Fresh off the chopper, he showed up in the gritty town of Fort Dodge — the gypsum-mining capital of America — in his pressed chinos and navy-blue blazer, his blood pressure and pulse rate seemingly unfazed by the breakneck helicopter run over the frosty plains. A crowd of about 100 patiently awaited him in a community-college cafeteria bereft of any students. I could only identify four or five supporters in the room who were under 50 years old.
The 60-year-old candidate fit right in. To a round of applause he slowly walked into the room and methodically shook some hands, rationed out a few tentative hugs and began a rather meandering stump speech.
Yet, it seemed to connect. The man’s obvious intelligence provides wide margins for his less-than-stellar public-speaking skills. Kerry’s pitch is his résumé, his experience, his presidential gravitas. In deftly and richly capitalizing on his well-deserved war-hero status, Kerry devised what turned out to be a brilliantly successful formula for taking Iowa. If Gephardt banked on organized labor to get out the vote, and Dean on his volunteer crusade (and a different set of unions), then Kerry appealed directly to Iowa’s small army of 90,000 military veterans. He assembled a “Veteran’s Brigade” that relentlessly rang the doorbells and worked the phone banks. Activists from firefighter unions across the country also enlisted in his campaign.
They all responded hungrily to Kerry’s incessant pitch, that only he among the Democratic candidates had any credibility or believability on military and security issues. Indeed, only when Kerry reached this portion of his stump speech did he seem to become impassioned. Evoking a standing ovation from the two dozen or so vets in the Fort Dodge audience, Kerry raised his voice and firmly said: “We will not win the presidency unless we have a nominee who can stand up to George Bush and Karl Rove and Don Rumsfeld and, in the best tradition of FDR and Harry Truman, show that Democrats can defend our nation just as well and better than Republicans!”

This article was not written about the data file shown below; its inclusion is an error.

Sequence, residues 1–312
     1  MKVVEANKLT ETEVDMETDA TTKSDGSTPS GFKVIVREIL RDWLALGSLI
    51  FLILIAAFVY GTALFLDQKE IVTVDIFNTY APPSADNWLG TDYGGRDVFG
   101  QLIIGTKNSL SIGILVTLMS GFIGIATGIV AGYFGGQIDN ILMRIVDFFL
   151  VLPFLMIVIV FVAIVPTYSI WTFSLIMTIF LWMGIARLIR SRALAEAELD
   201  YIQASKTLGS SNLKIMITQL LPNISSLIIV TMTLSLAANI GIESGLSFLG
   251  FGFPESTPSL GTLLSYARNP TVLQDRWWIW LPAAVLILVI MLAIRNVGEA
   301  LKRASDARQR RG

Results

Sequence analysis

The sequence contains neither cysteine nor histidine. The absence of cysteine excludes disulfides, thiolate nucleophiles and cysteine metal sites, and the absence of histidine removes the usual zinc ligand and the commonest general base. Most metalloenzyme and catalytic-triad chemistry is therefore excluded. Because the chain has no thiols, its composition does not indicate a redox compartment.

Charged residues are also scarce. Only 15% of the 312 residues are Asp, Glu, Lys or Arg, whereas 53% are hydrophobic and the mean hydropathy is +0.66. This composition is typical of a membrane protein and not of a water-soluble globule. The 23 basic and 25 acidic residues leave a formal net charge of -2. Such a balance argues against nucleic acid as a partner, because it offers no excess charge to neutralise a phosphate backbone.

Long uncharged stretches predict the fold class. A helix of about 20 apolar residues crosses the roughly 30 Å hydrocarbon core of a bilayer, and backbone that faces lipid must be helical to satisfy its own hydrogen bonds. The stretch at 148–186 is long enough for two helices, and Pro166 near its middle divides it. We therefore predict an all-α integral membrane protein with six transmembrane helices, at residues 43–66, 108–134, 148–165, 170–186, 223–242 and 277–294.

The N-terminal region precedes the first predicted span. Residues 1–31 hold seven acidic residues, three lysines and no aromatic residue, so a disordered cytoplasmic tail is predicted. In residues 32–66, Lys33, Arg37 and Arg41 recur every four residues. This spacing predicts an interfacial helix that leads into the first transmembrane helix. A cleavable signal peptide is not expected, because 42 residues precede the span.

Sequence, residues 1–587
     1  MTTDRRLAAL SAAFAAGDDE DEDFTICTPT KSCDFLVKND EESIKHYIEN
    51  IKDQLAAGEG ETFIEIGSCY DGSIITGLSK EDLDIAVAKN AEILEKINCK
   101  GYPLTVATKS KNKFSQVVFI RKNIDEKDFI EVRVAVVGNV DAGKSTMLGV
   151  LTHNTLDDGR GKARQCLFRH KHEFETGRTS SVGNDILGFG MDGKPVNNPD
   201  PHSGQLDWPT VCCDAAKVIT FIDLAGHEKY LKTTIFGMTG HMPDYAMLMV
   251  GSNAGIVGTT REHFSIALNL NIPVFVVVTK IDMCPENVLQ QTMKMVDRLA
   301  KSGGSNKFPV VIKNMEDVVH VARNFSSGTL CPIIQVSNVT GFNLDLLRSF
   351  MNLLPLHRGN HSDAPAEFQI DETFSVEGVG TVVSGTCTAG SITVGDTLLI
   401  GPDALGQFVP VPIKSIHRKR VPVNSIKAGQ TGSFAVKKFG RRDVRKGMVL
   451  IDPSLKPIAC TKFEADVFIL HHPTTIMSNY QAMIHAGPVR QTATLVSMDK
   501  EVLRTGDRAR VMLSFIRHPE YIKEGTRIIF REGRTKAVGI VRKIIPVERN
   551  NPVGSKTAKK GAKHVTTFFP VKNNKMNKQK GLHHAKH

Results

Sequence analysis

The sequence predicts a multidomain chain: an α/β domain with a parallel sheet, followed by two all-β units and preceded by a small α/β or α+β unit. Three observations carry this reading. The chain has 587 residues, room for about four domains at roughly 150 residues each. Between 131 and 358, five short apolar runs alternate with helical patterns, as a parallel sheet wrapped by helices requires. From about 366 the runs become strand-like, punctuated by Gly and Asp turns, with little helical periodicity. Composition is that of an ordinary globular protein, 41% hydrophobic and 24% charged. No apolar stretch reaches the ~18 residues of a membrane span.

Then with what comes as close as possible to gusto in Kerry’s world, he recited what has become his campaign mantra: “If George Bush wants national security to be the issue in November, then I’m your candidate. I have three words that I know even he will understand: BRING — IT — ON!”
Only a few weeks ago, Kerry’s campaign had been pretty much AWOL, presumed dead by much of the media. But Kerry decided to go all-out in Iowa, taking out a mortgage on his mansion to help fuel a sustained push toward the caucuses. He’s the grown-up, adult candidate offering responsible, mature and steady leadership. And, to boot, he argues, his war-hero standing renders him immune to any charges of sushi-lovin’, latte-sippin,’ Volvo-drivin’ weakness. While not flinching from lambasting Bush, Kerry strains to distinguish himself from Howard Dean when he ends his rap by saying, “What we need today is not just anger. What we need are answers.”
Scores of interviews with Kerry supporters confirm the appeal of that message. “I was leaning toward Dean, but I decided to give all the other candidates a hearing before I decided,” said a 46-year-old Des Moines bookkeeper who described herself as a “health-care voter.” “I came over to Kerry because I just found him more believable.